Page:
CODE OF BEST PRACTICES IN FAIR USE FOR ACADEMIC AND RESEARCH LIBRARIES
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Fair use claims will be further enhanced when libraries provide copyright owners
a simple tool for registering objections to use of digital surrogates, such as an
e-mail address associated with a full-time employee.
FOUR:
CREATING DIGITAL COLLECTIONS OF ARCHIVAL AND SPECIAL
COLLECTIONS MATERIALS
DESCRIPTION:
Many libraries hold special collections and archives of rare or unusual text and
nontext materials (published and unpublished) that do not circulate on the same
terms as the general collection. The copyright status of materials in these collections
is often unclear. Despite the investments that have been made in acquiring and
preserving such collections, they frequently are of limited general utility because they
typically can be consulted only on-site, and in some cases using only limited analog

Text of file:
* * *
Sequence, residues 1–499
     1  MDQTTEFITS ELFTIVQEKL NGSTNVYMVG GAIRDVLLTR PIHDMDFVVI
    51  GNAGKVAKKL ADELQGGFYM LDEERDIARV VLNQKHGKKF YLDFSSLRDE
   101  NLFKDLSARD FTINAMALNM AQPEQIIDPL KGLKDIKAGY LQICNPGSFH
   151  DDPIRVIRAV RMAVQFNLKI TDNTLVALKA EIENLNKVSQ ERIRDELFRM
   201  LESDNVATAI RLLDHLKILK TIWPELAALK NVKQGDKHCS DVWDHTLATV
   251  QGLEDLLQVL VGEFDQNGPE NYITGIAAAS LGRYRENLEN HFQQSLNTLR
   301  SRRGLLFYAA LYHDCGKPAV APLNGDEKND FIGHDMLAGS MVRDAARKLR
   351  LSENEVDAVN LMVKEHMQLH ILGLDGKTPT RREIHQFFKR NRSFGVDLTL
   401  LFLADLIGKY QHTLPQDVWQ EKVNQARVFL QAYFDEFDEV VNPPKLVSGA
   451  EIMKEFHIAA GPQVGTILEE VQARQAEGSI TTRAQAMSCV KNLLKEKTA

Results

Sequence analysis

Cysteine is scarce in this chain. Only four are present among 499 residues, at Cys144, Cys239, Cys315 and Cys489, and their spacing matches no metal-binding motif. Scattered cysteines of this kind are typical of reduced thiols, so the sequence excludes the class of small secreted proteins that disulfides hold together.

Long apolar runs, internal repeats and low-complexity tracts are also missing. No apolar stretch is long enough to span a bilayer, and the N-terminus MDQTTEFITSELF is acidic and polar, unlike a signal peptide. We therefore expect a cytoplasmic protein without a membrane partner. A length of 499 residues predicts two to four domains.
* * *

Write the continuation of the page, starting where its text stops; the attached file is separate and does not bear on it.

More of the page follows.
research aids. The research value of these collections typically resides not only in the
individual items they contain (although such items are often unique in themselves),
but also in the unique assemblage or aggregation they represent. Special collections
can have a shared provenance or be organized around a key topic, era, or theme.
Libraries and their patrons would benefit significantly from digitization and off-site
availability of these valuable collections. While institutions must abide by any donor
restrictions applicable to their donated collections, and they will inevitably consider
practical and political concerns such as maintaining good relations with donor
communities, librarians will benefit significantly from knowing their rights under
fair use.
Presenting these unique collections as a digital aggregate, especially with
commentary, criticism, and other curation, can be highly transformative. Works
held in these collections and archives will serve a host of transformative scholarly
and educational purposes relative to their typically narrower original purposes.
Materials in special collections typically include significant amounts of primary
sources and artifacts (correspondence, institutional records, annotated volumes,
ephemeral popular entertainment) whose value as historical objects for scholarly
research is significantly different from their original purpose. The new value
created by aggregating related documents in a single, well-curated collection is also
significant. In addition to access for scholarly purposes, digitization facilitates novel
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